Friday, January 28, 2022
HomeFarmweek NewsDairyKey technologies help to drive BDG farmer’s efficiency

Key technologies help to drive BDG farmer’s efficiency

Steven Campbell fa-

rms just outside Bell-aghy and is currently running 100 suckler cows. Eighty are West of Ireland Simmental and Limousin cross, and 20 are pedigree Belted Galloway.

The calving season is typically 12 weeks and runs from October to December.

Calving cows in the autumn time suits Steven’s workload as he has other enterprises to manage.

The West of Ireland Sim-mental and Limousin cross animals within Steven’s herd were recently introduced with the aim of breeding his own replacements in addition to weanling sales from the herd. The target mature cow weight of these animals is 650-700 kg.

The initial decision to establish the new herd was

because Steven wanted to

move towards compact cal-ving for ease of management.

The decision was taken following a Farm Innovation Visit (FIV) in September 2019

run by CAFRE and part fund-

ed by the EU Rural Dev-elopment Programme to a farm in England operating Genus RMS (Reproductive Management System).

Steven set in place a similar management system with his local insemination service provider, Cogent.

They ran a 12-week pro-gramme with Steven’s herd, which involved walking and chalking cows daily during the breeding season and using sexed semen from bulls with high milk traits and maternal figures which would produce suitable replacement heifers.

Going forward, sexed se-men will be used on heifers and conventional semen on mature cows within the herd.

The offspring will be weaned each July-August at target weights of 400-450kgs. Heifers will then be pelvic measured for selection as suitable replacements.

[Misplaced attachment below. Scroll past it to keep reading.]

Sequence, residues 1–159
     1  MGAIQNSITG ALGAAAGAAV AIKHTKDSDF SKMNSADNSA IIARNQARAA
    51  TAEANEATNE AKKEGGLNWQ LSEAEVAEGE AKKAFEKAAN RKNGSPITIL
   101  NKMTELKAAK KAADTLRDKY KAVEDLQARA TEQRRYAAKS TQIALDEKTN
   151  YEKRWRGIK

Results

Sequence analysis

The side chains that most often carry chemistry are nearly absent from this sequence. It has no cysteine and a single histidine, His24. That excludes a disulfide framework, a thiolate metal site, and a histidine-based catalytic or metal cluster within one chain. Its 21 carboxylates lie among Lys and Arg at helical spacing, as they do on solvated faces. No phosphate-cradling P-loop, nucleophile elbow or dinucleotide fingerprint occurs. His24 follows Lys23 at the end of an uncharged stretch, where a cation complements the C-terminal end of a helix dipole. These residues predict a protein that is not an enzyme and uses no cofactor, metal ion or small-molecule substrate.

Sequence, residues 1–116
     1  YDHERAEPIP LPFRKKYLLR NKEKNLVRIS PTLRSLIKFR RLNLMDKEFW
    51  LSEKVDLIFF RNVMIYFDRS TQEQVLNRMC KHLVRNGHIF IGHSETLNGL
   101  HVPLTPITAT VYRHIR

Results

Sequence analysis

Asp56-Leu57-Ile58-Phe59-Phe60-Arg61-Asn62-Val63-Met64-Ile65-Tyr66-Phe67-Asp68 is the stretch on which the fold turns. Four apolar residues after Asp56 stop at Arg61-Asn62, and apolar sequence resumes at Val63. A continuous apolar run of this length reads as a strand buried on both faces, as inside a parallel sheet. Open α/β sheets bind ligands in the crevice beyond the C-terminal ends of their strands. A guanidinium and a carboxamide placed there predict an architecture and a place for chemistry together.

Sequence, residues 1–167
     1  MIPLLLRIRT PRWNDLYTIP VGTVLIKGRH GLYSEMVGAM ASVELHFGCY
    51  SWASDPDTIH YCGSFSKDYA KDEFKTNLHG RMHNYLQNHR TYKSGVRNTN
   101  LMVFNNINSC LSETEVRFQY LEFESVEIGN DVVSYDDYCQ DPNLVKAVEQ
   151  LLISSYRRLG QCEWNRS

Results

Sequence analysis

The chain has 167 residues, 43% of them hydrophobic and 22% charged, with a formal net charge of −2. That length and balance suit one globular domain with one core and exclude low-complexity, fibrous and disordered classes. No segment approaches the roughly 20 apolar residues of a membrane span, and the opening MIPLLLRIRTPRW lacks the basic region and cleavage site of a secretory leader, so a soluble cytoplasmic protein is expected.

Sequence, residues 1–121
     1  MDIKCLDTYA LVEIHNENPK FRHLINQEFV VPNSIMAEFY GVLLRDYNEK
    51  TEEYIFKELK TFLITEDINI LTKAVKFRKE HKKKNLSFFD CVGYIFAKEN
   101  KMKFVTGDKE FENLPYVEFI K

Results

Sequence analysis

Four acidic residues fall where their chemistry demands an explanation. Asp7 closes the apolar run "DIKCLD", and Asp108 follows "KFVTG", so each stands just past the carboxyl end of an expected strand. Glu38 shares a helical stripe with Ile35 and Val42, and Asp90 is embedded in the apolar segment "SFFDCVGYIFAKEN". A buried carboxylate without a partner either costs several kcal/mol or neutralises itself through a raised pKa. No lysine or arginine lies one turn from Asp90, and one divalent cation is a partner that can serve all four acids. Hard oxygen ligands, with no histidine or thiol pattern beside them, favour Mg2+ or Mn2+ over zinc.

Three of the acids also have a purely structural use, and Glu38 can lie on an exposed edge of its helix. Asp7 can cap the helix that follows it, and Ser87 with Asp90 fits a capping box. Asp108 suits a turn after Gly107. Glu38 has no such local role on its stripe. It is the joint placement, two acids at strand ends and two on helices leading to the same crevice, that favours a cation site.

The male calves will be sold to a beef finisher as bulls, again with a target weight of 400-450kgs for a 90-120 day finishing period.

Scanning results have shown that over 90 per cent of the heifers were settled in calf to AI.

Steven is happy with th-ese results and counts the implementation of the technology on his farm as good value for money.

There had been an issue picking up cows with silent heats and Steven would consider investing in collars to aid heat detection in fut-ure.

He has invested in 360° cameras for the cattle houses which he stated was a super investment as they assist with heat detection and calving.

Steven has also updated his handling facilities and invested in a Clipex Squeeze crush, which he finds in-valuable for health and safety of the operator and animal now that cows are handled more frequently.

Like many others, he has experienced the impacts of Covid. In particular the affect it has had on BDG Group meetings.

Steven commented: “I enjoy the group meetings and seeing the different farming techniques used by other group members.

“This sometimes leads to those lightbulb moments for improving your own farm practices.

“Let’s hope we are on the road to recovery and will be enjoying the benefits of on-farm meetings again very soon.”

The BDGs scheme is fund-ed by the Department of Agriculture, Environment and

Rural Affairs and the Euro-pean Agricultural Fund for Rural Development.



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